240-Acre Loomis Ranch Transferred to the National Forest
The Conservation Fund, U.S. Forest Service and Jackson Hole Land Trust announced the addition of 240-acre Loomis Park Ranch to the Bridger-Teton National Forest in northwest Wyoming. Nearly encircled by the national forest, the protection of Loomis Park Ranch has been a top Forest Service priority in the Greater Yellowstone Area for the past two decades. The Forest Service’s acquisition of the ranch effectively consolidates 280 acres within the forest, eliminates subdivision threats, preserves historical agricultural use and protects wildlife habitat. This conservation effort was made possible through funding from the federal Land and Water Conservation Fund, which was permanently and fully funded by a new law enacted last month.
Loomis Park Ranch has long been utilized for agriculture and cattle grazing, and the Bridger-Teton
National Forest is committed to that continued private use of the property. The ranch will be immediately
added to Bridger-Teton’s existing Beaver Twin grazing allotment, supporting the deep connection
between ranchers and the land in the Upper Green River watershed, home to some of the largest and
oldest grazing allotments in the country.
The addition of Loomis Park Ranch to Bridger-Teton National Forest will eliminate the threat of
subdivision in an area with high potential for forest fragmentation that could negatively impact key
wildlife habitat. Scientific data from the Wyoming Migration Initiative indicates that Loomis Park Ranch
is in and adjacent to several important elk, mule deer, and pronghorn migration corridors in the southwest portion of the Gros Ventre Mountains. Migrating elk from the Black Butte and Soda Lake winter feeding grounds stop over on the ranch, while individuals in the mule deer herd using the Red Desert to Hoback Corridor migrate through it. The ranch sits on the boundary of a known pronghorn migration corridor just 1.5 miles west of the famous Path of the Pronghorn migration corridor. Grizzly bear, black bear, moose, raptors, and neotropical songbirds all utilize this wildlife haven.
When the property went up for sale in 2016, The Conservation Fund stepped in and purchased the land,
allowing the Forest Service the time needed to acquire funding. The Jackson Hole Land Trust assisted
The Conservation Fund to hold and ultimately transfer the land to the Forest Service.
“Conserving the Loomis Park Ranch was a Wyoming-centered solution in many ways,” said Dan
Schlager, Wyoming Director at The Conservation Fund. “The culmination of tremendous collaboration, this outcome maintains agriculture, conserves wildlife, enables a unique way to enjoy outdoor spaces, and supports Wyoming’s economy through multiple uses of public land. I’m grateful to the various partners involved from private landowners, to the Jackson Hole Land Trust, to the Forest
Service who worked tirelessly on Loomis Park Ranch over several years.”
Forest Supervisor Tricia O’Connor emphasized the value of partnerships like these for the greater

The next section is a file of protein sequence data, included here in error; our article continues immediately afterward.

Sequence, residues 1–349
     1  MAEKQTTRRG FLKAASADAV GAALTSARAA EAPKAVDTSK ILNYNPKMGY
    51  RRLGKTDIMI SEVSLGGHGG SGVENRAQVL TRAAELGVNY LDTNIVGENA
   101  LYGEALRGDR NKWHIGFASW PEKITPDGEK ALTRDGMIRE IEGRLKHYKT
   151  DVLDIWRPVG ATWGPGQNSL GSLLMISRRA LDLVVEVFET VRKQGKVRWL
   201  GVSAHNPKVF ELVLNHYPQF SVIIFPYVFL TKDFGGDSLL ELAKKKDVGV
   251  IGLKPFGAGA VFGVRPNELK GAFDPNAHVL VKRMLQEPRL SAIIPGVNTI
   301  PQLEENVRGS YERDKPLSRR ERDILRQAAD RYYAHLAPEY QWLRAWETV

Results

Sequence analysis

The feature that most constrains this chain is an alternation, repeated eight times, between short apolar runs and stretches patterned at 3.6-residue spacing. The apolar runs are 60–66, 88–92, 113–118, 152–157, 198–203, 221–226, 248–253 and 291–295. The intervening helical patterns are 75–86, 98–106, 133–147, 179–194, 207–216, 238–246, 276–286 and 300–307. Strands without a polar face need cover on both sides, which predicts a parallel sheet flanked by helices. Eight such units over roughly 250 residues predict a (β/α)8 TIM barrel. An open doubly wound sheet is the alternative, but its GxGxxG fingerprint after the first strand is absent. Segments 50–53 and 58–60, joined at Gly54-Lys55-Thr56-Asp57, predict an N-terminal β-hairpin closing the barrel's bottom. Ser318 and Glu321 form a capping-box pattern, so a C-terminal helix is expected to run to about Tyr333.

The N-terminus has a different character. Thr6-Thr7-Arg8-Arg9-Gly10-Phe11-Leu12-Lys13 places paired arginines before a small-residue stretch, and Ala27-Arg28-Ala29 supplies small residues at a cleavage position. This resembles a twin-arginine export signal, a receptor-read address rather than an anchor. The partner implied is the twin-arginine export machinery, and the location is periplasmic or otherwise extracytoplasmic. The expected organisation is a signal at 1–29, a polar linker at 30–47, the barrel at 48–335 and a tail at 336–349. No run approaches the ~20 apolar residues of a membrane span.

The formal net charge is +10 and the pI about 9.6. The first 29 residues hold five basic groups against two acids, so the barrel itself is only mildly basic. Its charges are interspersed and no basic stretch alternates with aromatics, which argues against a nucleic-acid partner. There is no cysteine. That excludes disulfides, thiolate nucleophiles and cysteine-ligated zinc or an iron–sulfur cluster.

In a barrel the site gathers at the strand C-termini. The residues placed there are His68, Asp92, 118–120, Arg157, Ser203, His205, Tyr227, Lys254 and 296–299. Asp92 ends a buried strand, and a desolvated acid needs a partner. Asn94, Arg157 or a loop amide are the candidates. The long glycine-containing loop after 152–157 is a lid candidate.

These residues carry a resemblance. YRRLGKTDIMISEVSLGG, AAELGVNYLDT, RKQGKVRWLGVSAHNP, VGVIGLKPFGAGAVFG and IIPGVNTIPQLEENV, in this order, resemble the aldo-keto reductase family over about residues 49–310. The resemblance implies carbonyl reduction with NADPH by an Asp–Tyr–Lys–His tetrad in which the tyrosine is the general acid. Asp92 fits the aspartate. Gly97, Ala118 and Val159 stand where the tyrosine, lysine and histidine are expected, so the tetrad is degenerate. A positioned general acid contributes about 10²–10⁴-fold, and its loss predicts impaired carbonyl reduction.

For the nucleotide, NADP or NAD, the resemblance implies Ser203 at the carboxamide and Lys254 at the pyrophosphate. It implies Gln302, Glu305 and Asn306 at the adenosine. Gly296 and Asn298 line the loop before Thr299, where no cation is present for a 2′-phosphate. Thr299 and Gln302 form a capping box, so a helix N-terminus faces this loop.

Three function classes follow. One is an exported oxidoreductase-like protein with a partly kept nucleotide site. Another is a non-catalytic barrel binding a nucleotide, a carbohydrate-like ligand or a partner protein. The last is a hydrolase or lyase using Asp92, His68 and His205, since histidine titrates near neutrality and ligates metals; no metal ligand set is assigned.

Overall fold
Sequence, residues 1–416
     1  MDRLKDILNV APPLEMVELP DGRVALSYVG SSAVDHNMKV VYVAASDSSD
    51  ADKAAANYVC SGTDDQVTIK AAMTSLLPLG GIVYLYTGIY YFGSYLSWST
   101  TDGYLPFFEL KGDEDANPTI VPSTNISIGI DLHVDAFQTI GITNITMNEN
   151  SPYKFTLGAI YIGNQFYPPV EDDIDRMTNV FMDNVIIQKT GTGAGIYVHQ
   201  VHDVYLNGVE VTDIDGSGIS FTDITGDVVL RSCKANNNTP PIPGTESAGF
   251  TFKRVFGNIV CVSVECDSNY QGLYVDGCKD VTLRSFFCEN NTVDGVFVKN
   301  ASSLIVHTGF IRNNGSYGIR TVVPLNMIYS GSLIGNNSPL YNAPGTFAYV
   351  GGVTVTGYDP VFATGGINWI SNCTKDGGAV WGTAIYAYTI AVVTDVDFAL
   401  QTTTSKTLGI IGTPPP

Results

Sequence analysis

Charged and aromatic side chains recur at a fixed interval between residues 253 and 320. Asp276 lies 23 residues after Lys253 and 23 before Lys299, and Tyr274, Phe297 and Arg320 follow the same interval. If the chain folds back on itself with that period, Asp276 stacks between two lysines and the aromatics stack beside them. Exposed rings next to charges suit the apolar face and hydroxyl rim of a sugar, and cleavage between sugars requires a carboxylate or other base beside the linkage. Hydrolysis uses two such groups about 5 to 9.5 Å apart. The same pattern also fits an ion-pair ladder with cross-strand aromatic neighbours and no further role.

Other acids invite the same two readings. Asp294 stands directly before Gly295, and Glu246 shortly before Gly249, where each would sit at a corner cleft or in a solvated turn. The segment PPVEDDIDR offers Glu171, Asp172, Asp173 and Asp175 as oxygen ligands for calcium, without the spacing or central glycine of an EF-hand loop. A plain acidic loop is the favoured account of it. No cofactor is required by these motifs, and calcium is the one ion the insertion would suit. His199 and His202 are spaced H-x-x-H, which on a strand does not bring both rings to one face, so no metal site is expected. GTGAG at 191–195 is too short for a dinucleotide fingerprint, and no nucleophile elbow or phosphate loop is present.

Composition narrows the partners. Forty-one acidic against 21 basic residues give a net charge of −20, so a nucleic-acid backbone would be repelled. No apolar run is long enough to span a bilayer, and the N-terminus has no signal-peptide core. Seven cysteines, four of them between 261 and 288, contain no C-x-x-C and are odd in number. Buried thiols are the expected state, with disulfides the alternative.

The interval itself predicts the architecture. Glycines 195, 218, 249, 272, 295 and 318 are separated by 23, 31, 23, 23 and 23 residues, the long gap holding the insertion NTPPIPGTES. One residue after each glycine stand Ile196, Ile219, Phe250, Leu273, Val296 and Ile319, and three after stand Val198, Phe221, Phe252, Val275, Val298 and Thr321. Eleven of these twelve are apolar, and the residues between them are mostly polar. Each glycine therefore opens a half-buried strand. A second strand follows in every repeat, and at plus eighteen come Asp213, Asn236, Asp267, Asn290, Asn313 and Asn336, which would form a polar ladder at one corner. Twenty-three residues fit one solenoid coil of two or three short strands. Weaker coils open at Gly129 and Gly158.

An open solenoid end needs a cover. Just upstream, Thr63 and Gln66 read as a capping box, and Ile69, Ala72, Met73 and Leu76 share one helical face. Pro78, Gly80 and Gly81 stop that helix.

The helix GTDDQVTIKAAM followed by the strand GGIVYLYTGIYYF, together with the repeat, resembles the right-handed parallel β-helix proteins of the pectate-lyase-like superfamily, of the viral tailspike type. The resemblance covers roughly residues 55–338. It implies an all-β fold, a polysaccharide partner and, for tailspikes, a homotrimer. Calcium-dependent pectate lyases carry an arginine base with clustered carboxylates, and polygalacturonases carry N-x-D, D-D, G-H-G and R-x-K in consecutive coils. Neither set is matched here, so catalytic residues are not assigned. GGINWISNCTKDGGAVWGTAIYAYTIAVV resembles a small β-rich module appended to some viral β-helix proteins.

good. “The Loomis Park Ranch parcel is a great example of what is possible when partners come together for the benefit of our public lands,” she said. “Without our partners, the land transfer could not have taken place and because of that we now have a more intact National Forest System for the benefit of our public and the many uses this land will see in future generations.”
The recreational economy of nearby Jackson Hole is dependent on outdoor tourist destinations like
Bridger-Teton National Forest and the adjacent Grand Teton and Yellowstone National Parks. The
Jackson Hole Land Trust continues to invest in these landmarks. With the launch of the Green River
Valley Program (GRVP) in 2016, the Jackson Hole Land Trust has expanded its mission to include
protecting open spaces in Sublette County. The GRVP works to conserve lands that contribute to
productive local agriculture and provide critical connectivity to the historic wildlife migration corridors
that run across Northwest Wyoming.
“We were excited to be part of this collaborative approach to protect the Loomis Park Ranch through its
incorporation into the Bridger Teton National Forest,” said Liz Long, Interim Co-Director and
Director of Conservation at the Jackson Hole Land Trust. “This project embodies the spirit of our
work to provide migration connectivity and stopover habitat to our region’s wildlife and to support
agricultural operations. The protection of properties such as the Loomis Park Ranch, which holds
significant conservation values, is our priority, and we were proud to be a partner in preserving this
important piece of open space forever.”
This Bridger-Teton National Forest effort was funded by the federal Land and Water Conservation Fund
(LWCF), which in August 2020 was ensured full and permanent funding with the enactment of the Great
American Outdoors Act. The LWCF is a bipartisan, federal program that uses a percentage of proceeds
from offshore oil and gas royalties—not taxpayer dollars—to acquire critical lands and protect our
country’s best natural resources and recreational access for more than 50 years. Wyoming’s
Congressional delegation representing this project include U.S. Senator John Barrasso, U.S. Senator Mike Enzi and U.S. Representative Liz Cheney.